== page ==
Sex Cord-Stromal Ovarian Tumors is a topic covered in the Pediatric Surgery NaT.

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Introduction

Sex cord-stromal tumors account for 5.7 to 17% of malignant tumors in series of ovarian neoplasms in children [1]. They arise from uncommitted mesenchymal stem cells that reside below the surface epithelium of the urogenital ridge [2][3]. This totipotential tissue has the potential to differentiate into several different cell lines including granulosa-theca cells in the ovary and the Sertoli-Leydig cells in the testicular interstitium. Sex cord-stromal tumors are referred to as functioning ovarian tumors as they have systemic hormonal effects. Before nine years of age, most sex cord-stromal tumors are feminizing. After nine years of age there is a predominance of virilizing neoplasms [4].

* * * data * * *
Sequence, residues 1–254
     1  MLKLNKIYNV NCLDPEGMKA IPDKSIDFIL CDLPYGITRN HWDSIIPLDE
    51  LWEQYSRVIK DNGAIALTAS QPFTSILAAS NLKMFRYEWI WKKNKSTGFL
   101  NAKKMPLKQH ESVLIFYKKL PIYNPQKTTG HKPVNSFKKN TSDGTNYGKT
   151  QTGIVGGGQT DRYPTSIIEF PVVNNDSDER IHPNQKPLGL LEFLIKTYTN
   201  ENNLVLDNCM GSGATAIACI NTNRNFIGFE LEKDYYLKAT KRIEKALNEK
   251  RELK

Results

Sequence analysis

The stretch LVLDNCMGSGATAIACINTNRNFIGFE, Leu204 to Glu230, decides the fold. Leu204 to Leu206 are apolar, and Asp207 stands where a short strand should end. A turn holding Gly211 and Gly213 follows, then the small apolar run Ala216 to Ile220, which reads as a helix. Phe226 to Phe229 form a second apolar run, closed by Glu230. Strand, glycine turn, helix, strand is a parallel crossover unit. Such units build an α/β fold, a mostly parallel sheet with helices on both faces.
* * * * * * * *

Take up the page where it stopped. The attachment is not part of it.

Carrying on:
see also Ovarian Tumors

Content in these topics is referenced in SCORE Ovarian and Adnexal Problems overview

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Last updated: August 21, 2017